Military Officers Uniform Breast Patches (Fruit Salad)

On Military Officers Uniforms, what are the colorfull rectangular patches (Fruit Salad) representing, what’s the meaning and where did they origin?

Do you mean these?

As Henrichek noted, they are called “ribbons.” Some represent medals awarded to servicemembers so that a servicemember could be recognized for a particular award without having to wear the actual medal all of the time. Other ribbons do not stand for a medal; typical of these are unit service awards, such as the U.S. Navy Sea Service Ribbon.

Also, they are not patches, and are awarded to all servicemembers, not just officers. Finally, nobody calls them a “fruit salad” outside of Hollywood.

Here’s a pic of what it would look like if they didn’t give us the ribbon bar - can you imagine having to wear that rack on the left breast the entire time you’re in any kind of working uniform?

Not bad, but you really need an insane dictator to get a truly ridiculous chest of medals.

In this case, is he only showing the ribbons on the bars for which he does not have an actual medal? (as explained above with regards to awards)

Is there a picture of someone just wearing the ribbon bar?

Can’t speak to the American services, but in the British/Commonwealth services, ribbons began to be worn on uniform sometime around the 1880s (the full-sized medals would still be worn on special occasions, dress parades, etc.), as more practical than having 5 or 6 large silver coins jumping about on your tunic.

Victorian campaign medals (and the British had a lot of these!) don’t seem to have had any symbolism to the colours chosen for the ribbon; this seems to have changed during WWI, when the inter-Allied Victory Medal of 1919 had a ribbon showing the rainbow (in hopes that this type of war would never happen again).

In WW2, the 1939-45 Star (issued to pretty much everybody) had a ribbon of navy blue/red/sky blue, to represent the three services; likewise the Italian Star was red, white and green, the Africa Star a sandy yellow (with navy blue, red and light blue stipes).

There is a difference in medals (generally given for “service,” i.e. being somewhere or long service), decorations or gallantry medals (awards for bravery or exemplary service) and orders (appointed by the crown for various types of service to the nation, and includes the orders of chivalry to create a Knight, for example).

British order, decoration and medal ribbons.

Here is a picture of Adm. Michael Mullen, the current JCS chairman.

Yes. When only ribbons are worn, they are worn on the left side of the chest.

In full dress uniforms, when full-sized medals are worn, the medals are worn on the left side of the chest. Ribbons for which there are no equivalent medals are then worn on the right side of the chest.

I could be wrong, but I believe my mother has referred to them as such, and her father was a brigadier general.

Each branch of the service regulates their uniforms (and the medals & ribbons that appear on them).

For example, the US Navy:

You can were the ribbon that “represents” your medal in regular working (office) uniform. Usually, the actual medals themselves are only worn to important official ceremonies (Change of Command, Promotion or Awards Ceremonies, Retirement Ceremonies, formal Dinner/Balls, etc.)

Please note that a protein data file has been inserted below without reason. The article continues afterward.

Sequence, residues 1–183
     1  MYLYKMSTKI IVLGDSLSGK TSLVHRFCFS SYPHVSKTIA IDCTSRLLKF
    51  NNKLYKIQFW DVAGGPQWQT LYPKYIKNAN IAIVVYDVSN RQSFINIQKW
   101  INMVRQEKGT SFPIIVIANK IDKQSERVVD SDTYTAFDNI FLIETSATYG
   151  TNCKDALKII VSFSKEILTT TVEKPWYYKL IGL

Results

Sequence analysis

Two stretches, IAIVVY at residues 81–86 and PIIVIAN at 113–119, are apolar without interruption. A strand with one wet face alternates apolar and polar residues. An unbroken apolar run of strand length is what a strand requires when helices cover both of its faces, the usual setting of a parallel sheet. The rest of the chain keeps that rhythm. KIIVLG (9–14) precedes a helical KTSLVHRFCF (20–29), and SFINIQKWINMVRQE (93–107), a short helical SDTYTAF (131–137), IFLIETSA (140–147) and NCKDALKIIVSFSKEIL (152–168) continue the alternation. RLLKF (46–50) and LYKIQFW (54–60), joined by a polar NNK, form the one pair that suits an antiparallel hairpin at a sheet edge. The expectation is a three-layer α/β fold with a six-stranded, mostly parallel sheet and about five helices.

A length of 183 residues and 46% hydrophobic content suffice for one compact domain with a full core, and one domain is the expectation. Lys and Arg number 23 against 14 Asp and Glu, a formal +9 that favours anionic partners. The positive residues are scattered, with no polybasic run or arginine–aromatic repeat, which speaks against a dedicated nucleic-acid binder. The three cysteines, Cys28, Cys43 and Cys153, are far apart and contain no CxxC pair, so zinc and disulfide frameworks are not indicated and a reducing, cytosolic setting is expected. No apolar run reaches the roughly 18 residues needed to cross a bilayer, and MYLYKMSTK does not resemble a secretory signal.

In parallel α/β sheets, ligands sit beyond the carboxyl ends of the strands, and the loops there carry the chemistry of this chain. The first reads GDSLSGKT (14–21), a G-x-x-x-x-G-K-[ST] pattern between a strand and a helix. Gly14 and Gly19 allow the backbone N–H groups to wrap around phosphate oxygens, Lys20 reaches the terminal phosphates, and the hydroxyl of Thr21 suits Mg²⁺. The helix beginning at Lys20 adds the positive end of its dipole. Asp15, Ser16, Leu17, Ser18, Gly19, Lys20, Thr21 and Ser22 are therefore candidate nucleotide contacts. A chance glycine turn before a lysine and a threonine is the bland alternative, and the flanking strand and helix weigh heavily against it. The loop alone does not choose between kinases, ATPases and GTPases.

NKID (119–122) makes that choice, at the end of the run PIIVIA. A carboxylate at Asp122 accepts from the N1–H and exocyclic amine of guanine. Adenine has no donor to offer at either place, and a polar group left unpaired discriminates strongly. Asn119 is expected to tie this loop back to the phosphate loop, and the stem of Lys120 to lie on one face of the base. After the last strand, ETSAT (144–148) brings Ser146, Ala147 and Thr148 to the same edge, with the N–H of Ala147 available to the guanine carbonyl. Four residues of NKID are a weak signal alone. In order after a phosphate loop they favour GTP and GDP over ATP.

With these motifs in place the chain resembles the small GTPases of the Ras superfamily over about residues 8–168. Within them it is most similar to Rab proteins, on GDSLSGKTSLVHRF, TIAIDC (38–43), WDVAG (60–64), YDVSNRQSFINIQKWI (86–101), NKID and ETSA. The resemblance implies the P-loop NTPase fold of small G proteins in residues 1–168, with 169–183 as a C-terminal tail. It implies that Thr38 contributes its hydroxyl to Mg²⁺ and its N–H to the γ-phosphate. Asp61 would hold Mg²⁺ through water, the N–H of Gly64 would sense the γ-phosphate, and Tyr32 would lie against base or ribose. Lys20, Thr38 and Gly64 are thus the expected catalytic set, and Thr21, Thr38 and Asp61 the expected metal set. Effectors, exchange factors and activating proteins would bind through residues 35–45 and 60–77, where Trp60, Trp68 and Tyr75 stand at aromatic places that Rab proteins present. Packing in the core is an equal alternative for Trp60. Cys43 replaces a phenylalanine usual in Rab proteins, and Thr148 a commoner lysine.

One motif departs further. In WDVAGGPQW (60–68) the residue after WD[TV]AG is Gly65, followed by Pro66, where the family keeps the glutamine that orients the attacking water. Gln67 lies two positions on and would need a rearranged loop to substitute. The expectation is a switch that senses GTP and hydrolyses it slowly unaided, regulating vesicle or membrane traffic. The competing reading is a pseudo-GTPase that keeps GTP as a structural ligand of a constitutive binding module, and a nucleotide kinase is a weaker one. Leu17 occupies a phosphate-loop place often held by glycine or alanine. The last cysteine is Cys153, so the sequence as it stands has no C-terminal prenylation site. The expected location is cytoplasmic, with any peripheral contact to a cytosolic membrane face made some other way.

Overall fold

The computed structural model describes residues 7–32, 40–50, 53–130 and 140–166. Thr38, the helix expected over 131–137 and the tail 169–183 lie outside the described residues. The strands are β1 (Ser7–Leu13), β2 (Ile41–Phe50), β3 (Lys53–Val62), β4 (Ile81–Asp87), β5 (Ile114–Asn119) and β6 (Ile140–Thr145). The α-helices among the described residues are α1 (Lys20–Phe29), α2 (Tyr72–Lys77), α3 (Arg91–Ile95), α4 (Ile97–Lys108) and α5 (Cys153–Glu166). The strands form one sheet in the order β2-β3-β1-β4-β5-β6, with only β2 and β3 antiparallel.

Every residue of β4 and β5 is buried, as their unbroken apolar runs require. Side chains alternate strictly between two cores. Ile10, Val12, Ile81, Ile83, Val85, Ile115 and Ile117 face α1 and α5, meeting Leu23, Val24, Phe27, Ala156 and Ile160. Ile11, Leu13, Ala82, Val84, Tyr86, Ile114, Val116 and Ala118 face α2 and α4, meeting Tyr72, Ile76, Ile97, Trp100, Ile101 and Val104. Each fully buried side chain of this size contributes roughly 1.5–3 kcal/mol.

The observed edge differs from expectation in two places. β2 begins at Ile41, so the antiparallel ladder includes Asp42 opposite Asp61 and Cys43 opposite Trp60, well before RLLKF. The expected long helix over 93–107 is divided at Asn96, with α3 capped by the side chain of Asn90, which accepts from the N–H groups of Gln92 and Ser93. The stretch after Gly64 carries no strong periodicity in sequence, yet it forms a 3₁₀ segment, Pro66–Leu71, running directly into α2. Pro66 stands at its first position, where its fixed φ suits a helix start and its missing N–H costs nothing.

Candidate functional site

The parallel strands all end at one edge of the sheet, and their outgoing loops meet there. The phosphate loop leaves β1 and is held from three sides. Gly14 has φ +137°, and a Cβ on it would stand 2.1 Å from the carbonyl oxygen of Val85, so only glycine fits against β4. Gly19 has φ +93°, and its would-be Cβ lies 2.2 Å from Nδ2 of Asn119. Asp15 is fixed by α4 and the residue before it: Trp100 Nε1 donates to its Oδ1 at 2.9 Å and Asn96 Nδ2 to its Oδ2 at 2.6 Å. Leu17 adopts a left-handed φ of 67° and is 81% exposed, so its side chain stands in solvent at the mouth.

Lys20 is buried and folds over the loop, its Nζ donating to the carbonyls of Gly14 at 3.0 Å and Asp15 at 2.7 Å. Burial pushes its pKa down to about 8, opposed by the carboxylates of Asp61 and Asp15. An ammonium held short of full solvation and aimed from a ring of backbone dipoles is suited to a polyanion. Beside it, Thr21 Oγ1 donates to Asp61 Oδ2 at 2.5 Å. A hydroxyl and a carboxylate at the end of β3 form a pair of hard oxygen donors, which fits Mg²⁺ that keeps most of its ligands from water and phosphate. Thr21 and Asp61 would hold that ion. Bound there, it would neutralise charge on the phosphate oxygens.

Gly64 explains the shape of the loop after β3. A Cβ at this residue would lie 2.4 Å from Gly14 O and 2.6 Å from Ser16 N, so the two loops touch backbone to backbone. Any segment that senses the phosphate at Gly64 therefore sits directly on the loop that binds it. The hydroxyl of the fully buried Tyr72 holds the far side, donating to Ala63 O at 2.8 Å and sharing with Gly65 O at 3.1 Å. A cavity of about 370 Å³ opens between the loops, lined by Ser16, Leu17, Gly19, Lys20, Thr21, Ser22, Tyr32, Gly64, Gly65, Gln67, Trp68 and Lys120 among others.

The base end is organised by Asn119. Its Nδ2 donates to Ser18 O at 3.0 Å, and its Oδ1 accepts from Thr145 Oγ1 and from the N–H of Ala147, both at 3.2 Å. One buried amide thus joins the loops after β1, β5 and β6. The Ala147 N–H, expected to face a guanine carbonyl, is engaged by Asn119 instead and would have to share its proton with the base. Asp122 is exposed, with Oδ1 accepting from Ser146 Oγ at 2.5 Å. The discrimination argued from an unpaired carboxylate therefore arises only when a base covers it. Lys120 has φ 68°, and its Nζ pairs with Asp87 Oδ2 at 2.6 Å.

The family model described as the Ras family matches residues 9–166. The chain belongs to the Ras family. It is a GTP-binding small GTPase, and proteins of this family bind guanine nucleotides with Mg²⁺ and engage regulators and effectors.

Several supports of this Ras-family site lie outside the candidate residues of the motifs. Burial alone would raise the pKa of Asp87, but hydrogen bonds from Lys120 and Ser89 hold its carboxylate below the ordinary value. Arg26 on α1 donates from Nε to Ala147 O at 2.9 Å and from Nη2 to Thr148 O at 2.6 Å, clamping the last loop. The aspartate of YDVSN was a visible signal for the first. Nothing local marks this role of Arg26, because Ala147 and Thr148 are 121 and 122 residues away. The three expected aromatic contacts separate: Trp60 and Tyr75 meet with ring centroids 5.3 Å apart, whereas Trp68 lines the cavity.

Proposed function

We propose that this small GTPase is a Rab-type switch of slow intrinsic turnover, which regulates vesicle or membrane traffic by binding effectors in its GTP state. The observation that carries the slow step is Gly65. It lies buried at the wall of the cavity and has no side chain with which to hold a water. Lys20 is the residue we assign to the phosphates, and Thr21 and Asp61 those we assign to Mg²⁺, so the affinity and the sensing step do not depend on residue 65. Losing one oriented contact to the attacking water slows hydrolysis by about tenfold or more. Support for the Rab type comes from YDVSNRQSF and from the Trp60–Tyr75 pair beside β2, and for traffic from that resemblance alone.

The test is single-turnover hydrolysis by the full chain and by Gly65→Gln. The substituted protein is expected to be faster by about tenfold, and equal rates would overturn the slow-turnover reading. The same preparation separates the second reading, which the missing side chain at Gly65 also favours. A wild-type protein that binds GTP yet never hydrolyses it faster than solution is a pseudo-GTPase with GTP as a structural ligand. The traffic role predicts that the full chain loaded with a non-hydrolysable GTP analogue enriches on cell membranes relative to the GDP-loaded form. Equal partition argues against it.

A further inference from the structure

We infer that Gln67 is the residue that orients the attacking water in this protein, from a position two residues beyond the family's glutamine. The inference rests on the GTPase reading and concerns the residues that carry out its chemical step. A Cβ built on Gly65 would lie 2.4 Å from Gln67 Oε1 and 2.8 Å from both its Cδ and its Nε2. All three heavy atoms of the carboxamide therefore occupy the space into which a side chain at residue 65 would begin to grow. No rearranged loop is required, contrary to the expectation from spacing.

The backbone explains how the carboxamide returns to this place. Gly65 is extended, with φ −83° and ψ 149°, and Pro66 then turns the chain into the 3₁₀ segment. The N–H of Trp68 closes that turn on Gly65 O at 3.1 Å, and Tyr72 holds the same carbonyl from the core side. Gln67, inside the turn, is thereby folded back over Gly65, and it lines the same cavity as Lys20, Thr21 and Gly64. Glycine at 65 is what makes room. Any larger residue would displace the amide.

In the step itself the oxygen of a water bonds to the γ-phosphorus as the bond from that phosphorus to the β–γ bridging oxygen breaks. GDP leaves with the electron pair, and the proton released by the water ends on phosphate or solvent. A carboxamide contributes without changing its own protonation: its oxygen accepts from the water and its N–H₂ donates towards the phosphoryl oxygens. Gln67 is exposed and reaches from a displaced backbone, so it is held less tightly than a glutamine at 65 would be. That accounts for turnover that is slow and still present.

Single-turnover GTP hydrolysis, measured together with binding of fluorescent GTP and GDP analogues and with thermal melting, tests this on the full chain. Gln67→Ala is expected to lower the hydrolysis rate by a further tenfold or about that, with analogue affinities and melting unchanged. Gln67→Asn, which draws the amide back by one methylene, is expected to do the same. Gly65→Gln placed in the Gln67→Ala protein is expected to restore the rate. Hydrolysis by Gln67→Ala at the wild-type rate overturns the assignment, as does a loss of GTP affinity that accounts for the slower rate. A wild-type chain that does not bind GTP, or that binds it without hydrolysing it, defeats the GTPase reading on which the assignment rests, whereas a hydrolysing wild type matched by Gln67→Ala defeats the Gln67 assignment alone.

Not of a person, but of a blank ribbon bar.

I got out of boot camp in June and have 2 ribbons. They make ribbon bars to hold as little as one ribbon.

Everyone graduates boot camp (at least in the Coast Guard) with the National Defense Service Medal and Pistol Marksmanship. They also have little letter pins you can add to show your level of marksmanship. They have other ribbon devices (scroll halfway down the page) that are added to the ribbon/medal. Aside from the marksmanship one, I honestly couldn’t tell you what some of them are for.

Like some ribbons are framed with gold, some have different colored stars. I assumed the stars represent the number of times someone has achieved a particular recognition and been awarded for it. Please someone let me know if this is true or not.

A few others get the honor graduate medal.

ETA: What mlees linked to.

Cool, thanks, all, that does look classier.

Actually, I should rephrase. Everyone graduates (Coast Guard) basic with the National Defense Service Medal. If you qualify as a marksman in basic, you get the pistol marksmanship medal/ribbon and an “S” for sharpshooter or an “E” for expert if you reach that level of marksmanship. I assume the same goes for rifles in other branches. USCG doesn’t train you on the rifle, just a .9 mm.

Yes, for most of the stars. If you read the little captions below them, in your fourth link, it actually says “-Additional service award” (for a repeat award) or “-(5) additional unit awards”. :slight_smile:

The Navy has a silver “E” to be worn on the “Battle Efficiency” (a unit award) ribbon. But I see it can also be used to denote “expert” marksmanship, on the appropriate ribbon.

The National Defense Medal was reinsituted for Desert Shield (Gulf War 1).

I did not get it for my service. (1983-1989) :sob:

Simple Mind, if you ever see someone in uniform with a single ribbon worn above all the rest, a little blue bar with white stars on it…buy them a drink.

I don’t know accurate or updated it is but this site says that there are only 99 left and over half of those remaining are 70+ years of age.

But if anyone ever deserved a drink, it’s these guys.

Thanks for all the information, realy a great Message Board/Site…